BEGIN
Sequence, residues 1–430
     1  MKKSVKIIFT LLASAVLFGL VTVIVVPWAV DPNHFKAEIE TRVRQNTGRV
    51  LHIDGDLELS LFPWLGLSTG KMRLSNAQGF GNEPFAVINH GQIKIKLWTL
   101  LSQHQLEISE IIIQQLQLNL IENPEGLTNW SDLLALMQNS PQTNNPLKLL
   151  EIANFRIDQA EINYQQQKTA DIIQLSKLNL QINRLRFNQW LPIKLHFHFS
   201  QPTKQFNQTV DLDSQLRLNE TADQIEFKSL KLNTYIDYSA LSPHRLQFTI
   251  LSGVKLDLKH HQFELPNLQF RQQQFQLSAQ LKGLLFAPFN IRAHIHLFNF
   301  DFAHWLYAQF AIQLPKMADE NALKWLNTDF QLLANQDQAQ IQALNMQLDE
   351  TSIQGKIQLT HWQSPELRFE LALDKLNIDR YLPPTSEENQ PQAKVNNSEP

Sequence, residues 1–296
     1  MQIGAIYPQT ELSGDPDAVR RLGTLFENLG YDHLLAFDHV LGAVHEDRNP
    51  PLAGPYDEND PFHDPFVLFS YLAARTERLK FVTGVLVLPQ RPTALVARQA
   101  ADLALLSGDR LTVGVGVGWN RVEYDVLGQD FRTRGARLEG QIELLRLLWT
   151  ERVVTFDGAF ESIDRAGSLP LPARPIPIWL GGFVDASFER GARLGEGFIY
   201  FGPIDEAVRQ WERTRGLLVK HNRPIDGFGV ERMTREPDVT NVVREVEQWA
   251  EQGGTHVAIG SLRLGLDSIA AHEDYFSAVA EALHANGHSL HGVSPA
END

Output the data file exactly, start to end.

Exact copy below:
Sequence, residues 1–430
     1  MKKSVKIIFT LLASAVLFGL VTVIVVPWAV DPNHFKAEIE TRVRQNTGRV
    51  LHIDGDLELS LFPWLGLSTG KMRLSNAQGF GNEPFAVINH GQIKIKLWTL
   101  LSQHQLEISE IIIQQLQLNL IENPEGLTNW SDLLALMQNS PQTNNPLKLL
   151  EIANFRIDQA EINYQQQKTA DIIQLSKLNL QINRLRFNQW LPIKLHFHFS
   201  QPTKQFNQTV DLDSQLRLNE TADQIEFKSL KLNTYIDYSA LSPHRLQFTI
   251  LSGVKLDLKH HQFELPNLQF RQQQFQLSAQ LKGLLFAPFN IRAHIHLFNF
   301  DFAHWLYAQF AIQLPKMADE NALKWLNTDF QLLANQDQAQ IQALNMQLDE
   351  TSIQGKIQLT HWQSPELRFE LALDKLNIDR YLPPTSEENQ PQAKVNNSEP

Sequence, residues 1–296
     1  MQIGAIYPQT ELSGDPDAVR RLGTLFENLG YDHLLAFDHV LGAVHEDRNP
    51  PLAGPYDEND PFHDPFVLFS YLAARTERLK FVTGVLVLPQ RPTALVARQA
   101  ADLALLSGDR LTVGVGVGWN RVEYDVLGQD FRTRGARLEG QIELLRLLWT
   151  ERVVTFDGAF ESIDRAGSLP LPARPIPIWL GGFVDASFER GARLGEGFIY
   201  FGPIDEAVRQ WERTRGLLVK HNRPIDGFGV ERMTREPDVT NVVREVEQWA
   251  EQGGTHVAIG SLRLGLDSIA AHEDYFSAVA EALHANGHSL HGVSPA